RoboCop, Joel Kinnaman

Kerry Hayes/Columbia Pictures/Metro-Goldwyn-Mayer Pictures

Lots of people flock to the movies during a snowstorm, but if you're thinking about schlepping your way to the theater, the critics wouldn't necessarily recommend you hit up a screening of RoboCop.

In fact, reviews for the reboot of the 1987 film are almost as dreary as the weather. Despite an impressive cast including Joel Kinnaman (as Alex Murphy/RoboCop), Gary Oldman, Michael Keaton, Abbie Cornish and Jennifer Ehle, the reviews ranged from dismal to decent.

Here's more of what the critics have to say...

  • Manohla Dargis writes in the New York Times that RoboCop is "a nicely cast, respectable remake of the wittily corrosive 1987 Paul Verhoeven film," adding that the reboot "is less the struggle between man and machine than between the original's pop nihilism and the bottom-line commercialism driving this new vehicle." But, Dargis points out, "the new RoboCop has a star in the making with Mr. Kinnaman, an intensely sympathetic actor best known for the AMC series The Killing, and it also features a handful of excellent side players, including Gary Oldman, Michael Keaton and Jennifer Ehle. All that's really missing here is a point of view.
  • "On the design front, the updates to the familiar RoboCop iconography are respectful but sleekly streamlined. Gone are the endearingly clunky robot effects of the original film, as all the machinery here — including, of course, that all-important suit, here given a slight Daft Punk accent—exudes contempo architectural glamour," concludes Guy Lodge for Variety.
  • Betsey Sharkey writes in the L.A. Times that "in the 27 years since RoboCop first rocked the movie world, much has happened and apparently the filmmakers behind this year's remake didn't get the memo...To put it bluntly, RoboCop, the movie and the man, seem a little dazed and confused." She concludes that the remake "isn't going for the biting satire of Paul Verhoeven's 1987 original, or its extreme violence," and while the "sci-fi side hasn't evolved much," she finds "most of the thrill is gone."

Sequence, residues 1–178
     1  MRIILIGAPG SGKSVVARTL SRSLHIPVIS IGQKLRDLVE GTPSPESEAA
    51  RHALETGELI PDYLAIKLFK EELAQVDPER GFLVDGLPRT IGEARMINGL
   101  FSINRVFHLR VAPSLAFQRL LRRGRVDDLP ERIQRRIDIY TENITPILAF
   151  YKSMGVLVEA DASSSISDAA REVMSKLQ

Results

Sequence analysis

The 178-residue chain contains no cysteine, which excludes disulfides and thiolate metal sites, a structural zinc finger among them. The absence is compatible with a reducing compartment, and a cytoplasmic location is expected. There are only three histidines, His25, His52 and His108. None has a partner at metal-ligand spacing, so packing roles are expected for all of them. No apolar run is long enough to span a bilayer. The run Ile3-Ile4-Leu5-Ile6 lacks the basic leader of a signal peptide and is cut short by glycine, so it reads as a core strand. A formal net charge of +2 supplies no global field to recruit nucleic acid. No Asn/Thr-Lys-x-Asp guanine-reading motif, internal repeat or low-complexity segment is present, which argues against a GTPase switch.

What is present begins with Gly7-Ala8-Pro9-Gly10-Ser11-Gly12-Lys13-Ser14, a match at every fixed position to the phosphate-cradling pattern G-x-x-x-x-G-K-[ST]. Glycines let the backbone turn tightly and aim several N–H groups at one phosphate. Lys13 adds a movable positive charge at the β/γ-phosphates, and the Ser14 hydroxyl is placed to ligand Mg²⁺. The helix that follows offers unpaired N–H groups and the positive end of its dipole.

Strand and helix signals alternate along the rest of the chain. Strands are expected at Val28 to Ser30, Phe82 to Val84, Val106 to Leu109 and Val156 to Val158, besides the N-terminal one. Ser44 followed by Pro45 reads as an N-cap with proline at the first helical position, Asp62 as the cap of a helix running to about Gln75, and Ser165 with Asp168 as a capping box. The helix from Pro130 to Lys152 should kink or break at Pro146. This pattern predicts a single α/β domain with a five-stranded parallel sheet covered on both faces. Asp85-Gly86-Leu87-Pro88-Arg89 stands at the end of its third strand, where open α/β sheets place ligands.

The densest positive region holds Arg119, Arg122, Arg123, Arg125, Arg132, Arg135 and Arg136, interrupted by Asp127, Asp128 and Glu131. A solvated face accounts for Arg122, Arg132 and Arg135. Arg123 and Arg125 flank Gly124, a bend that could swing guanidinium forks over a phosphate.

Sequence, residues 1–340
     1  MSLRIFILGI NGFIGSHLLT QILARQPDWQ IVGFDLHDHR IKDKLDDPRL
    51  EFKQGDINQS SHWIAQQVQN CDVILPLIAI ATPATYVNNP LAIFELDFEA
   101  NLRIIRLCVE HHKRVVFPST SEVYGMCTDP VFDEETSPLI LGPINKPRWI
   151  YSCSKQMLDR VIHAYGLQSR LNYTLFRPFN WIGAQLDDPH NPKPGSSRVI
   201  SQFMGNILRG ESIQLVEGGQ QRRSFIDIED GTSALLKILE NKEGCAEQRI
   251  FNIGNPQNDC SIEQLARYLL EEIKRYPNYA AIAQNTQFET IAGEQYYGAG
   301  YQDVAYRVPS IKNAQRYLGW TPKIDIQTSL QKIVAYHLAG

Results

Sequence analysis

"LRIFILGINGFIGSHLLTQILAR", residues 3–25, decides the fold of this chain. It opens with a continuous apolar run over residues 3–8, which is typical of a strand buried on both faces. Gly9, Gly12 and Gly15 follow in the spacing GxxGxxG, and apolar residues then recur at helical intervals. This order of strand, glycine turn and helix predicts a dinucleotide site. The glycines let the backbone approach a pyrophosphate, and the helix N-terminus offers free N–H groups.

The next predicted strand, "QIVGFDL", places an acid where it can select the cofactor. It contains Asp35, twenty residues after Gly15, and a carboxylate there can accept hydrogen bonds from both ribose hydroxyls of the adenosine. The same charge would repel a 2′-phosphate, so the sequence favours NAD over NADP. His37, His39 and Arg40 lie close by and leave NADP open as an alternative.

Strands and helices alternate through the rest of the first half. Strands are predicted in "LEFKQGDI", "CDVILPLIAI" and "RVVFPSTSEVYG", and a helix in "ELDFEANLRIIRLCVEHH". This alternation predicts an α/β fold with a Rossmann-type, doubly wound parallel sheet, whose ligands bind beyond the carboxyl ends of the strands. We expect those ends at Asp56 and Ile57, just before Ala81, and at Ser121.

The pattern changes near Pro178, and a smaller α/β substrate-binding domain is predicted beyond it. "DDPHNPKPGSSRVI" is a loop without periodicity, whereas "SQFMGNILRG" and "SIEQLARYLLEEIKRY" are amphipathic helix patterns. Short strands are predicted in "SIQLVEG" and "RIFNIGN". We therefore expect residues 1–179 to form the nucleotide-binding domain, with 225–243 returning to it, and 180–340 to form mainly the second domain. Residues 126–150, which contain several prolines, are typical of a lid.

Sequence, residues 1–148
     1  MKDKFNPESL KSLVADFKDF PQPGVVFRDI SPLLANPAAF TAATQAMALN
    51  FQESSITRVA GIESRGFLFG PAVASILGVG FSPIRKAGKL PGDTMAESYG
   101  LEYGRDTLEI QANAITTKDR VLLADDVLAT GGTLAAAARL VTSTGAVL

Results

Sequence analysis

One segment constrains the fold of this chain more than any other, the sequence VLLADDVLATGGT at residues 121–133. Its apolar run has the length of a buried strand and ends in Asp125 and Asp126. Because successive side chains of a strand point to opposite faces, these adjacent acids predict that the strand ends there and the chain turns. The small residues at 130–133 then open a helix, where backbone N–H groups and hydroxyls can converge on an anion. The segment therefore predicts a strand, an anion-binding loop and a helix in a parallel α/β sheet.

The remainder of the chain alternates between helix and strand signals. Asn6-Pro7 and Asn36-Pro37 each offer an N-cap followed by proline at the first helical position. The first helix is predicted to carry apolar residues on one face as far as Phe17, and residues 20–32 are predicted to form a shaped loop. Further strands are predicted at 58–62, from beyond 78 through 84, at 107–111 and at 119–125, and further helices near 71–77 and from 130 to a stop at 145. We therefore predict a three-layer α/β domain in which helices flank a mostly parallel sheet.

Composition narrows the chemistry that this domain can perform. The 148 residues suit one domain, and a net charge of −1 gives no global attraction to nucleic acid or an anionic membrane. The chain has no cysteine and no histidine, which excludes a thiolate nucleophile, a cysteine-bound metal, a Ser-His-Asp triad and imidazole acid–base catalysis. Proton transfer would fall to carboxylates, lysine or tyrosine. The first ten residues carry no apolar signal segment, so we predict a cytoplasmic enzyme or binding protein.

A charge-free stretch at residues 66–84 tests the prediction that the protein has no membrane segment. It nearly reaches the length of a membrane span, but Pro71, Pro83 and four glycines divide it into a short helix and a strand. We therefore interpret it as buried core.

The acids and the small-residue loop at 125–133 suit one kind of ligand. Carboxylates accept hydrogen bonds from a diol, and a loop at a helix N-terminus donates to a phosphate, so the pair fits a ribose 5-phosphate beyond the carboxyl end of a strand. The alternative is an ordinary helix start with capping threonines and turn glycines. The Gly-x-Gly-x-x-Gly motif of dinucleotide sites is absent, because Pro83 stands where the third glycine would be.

• "When the So Bad It's Good Society comes to evaluate José Padilha's 'RoboCop' for membership, its star witness will be a scene found roughly halfway through," writes Chris Hewitt of Empire. "It involves the film's hero, Alex Murphy (Joel Kinnaman), just after he's been blown up and encased in his life-saving metal suit. Murphy asks his creator, Dr. Norton (Gary Oldman) how bad his situation really is. Norton, reluctantly, shows him, as robots remove first Alex's legs, then his arms, then his torso, revealing him finally as nothing more than a wailing head above a pair of CG lungs and a disembodied hand, floating around randomly. Sadly, the scene doesn't end with Norton telling Alex that he can still play the piano. It's awful, and symptomatic of the problems that dog Padilha's reboot of Paul Verhoeven's 1987 classic. No heart, no balls, no funny bone."

  • In the Chicago Tribune, however, Michael Phillips finds that while the RoboCop remake "doesn't really believe its own poster," he sees the positives. "The tagline 'Crime has a new enemy' suggests little more than point and shoot—the same old cyborg song and dance," he writes, adding, "While nobody'd be dumb enough to reboot the original 1987 kill-'em-up franchise by holding back on the scenes of slaughter in favor of sly political satire about arm-twisting Fox News jingoism or American business ethics, Brazilian-born director Jose Padilha manages to do all that and still deliver the product."

RoboCop opened Wednesday. Do you plan to see it?

PHOTOS: Upcoming movies

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